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- Blackfoot Trail review by NP
A young couple Alex and Jenn (Jeff Roop and Missy Peregrym, turning in excellent performances) decide to backpack through the Canadian forests. They are sprightly, funny and highly likeable. So much so that when they are joined by a third, Brad (Eric Balfour), he is immediately unwelcome, no matter how friendly he seems to be. And friendly he is, though there’s no denying he has a darker side, which occasionally manifests in their conversations. His appearance some way into the film makes us pretty sure we’ll see him again later …
The other player here is Nicholas Campbell who is great in the small role of the grouchy Ranger-on-the-make.
Likeable though Alex seems, it is difficult not to resent him when he ‘reasonably’ insists they continue their trek despite strange noises at night and other unnerving occurrences – we, the audience, know Jenn is bound to be right in wanting to go home, and Alex’s foolhardy refusal to take a map guarantees trouble.
In fact, the more we get to know Alex, the less likeable he becomes. When he reveals his bullheadedness extends also to relieving Jenn of her mobile phone and leaving it in the car, and then succeeds in getting them both lost, our sympathies lie 100% with his partner. Of course, being lost with no way of communication with the outside world is integral to stories of this nature, and here is made entirely believable due to Alex’s need to prove himself by turning down any offers of help. This allows Jenn to move centre stage and salvage a situation that descends from Very Bad to Even Worse, when they unknowingly wander into black bear country and become of great interest to a large, predatory killer. When Alex is frantically looking for his axe to ward off an approaching bear, I commend Jenn for resisting the temptation to say, “Maybe it’s with my phone.”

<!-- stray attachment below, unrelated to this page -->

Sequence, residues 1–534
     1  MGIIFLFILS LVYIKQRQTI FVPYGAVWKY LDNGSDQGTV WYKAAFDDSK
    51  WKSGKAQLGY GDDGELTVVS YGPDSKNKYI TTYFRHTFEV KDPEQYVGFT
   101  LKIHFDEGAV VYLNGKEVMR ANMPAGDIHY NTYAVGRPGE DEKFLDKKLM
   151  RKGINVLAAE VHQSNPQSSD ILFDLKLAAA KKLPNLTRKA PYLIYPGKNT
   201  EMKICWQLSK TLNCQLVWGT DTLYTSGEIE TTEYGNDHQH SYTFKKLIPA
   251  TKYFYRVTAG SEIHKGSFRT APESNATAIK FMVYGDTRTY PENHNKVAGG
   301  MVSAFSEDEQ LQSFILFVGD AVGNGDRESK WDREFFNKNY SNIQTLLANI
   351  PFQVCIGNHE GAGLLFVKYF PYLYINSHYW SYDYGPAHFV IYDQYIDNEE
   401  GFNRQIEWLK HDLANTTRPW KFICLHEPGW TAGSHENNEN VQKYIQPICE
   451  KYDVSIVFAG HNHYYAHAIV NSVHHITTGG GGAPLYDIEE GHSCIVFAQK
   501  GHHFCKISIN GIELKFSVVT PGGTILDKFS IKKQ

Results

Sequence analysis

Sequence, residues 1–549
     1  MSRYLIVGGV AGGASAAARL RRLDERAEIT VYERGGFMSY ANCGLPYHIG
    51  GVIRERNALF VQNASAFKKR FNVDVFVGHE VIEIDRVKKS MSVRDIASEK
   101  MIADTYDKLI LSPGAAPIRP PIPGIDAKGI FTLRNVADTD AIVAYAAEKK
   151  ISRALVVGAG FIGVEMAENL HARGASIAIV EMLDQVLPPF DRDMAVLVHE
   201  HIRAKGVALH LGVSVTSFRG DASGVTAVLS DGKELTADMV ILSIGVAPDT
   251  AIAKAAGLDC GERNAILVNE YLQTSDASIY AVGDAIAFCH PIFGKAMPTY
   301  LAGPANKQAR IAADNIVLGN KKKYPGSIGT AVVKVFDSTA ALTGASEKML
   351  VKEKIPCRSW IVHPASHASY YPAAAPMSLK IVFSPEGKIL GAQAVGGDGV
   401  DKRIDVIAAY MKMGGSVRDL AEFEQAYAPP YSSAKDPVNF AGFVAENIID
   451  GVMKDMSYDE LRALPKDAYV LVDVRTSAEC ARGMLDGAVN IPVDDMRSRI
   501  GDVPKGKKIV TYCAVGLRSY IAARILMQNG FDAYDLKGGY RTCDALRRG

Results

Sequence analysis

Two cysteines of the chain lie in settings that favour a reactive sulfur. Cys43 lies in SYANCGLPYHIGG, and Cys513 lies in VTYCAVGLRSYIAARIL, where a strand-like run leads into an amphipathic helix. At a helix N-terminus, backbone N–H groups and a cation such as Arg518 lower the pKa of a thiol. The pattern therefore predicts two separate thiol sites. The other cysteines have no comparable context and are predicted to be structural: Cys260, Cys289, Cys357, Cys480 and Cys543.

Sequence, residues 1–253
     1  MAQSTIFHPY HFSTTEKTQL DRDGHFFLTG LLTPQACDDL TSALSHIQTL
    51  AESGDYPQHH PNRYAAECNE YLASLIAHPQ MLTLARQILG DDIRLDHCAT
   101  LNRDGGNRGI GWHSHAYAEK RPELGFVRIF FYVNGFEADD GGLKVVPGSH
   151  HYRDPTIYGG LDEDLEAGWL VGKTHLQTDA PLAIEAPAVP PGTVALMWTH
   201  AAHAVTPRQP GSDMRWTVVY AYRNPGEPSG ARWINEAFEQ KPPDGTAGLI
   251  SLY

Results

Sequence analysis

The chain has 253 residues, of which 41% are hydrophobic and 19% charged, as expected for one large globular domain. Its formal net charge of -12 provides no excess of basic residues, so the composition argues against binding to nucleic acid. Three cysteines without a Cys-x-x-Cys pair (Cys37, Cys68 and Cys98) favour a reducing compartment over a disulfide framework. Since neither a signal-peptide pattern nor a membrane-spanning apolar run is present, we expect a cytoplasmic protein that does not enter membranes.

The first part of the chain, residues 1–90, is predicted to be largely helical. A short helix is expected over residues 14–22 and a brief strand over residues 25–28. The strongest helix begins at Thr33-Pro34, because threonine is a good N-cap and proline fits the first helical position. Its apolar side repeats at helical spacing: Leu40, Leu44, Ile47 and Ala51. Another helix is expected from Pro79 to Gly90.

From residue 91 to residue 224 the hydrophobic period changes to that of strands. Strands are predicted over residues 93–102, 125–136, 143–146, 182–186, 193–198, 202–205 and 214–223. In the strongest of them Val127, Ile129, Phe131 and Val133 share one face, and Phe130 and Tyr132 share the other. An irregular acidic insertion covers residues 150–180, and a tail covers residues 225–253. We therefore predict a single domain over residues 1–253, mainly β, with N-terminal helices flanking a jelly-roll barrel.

We wait a long time for the attacks to come, but when they do, they are expertly handled and very effective. And more gory than we expect. This is an extraordinary debut from writer/director Adam MacDonald and I hope he has a long a fruitful career, because this a film with only four cast members, is extremely easy to enjoy. It should be said, however, that the ending is slightly disappointing, although the atmospheric use of the incredible location – crisp, taught camera angles; at one point, the swaying of the trees has an almost hallucinatory effect – ease the shortcomings due to a lack of proper pay-off.
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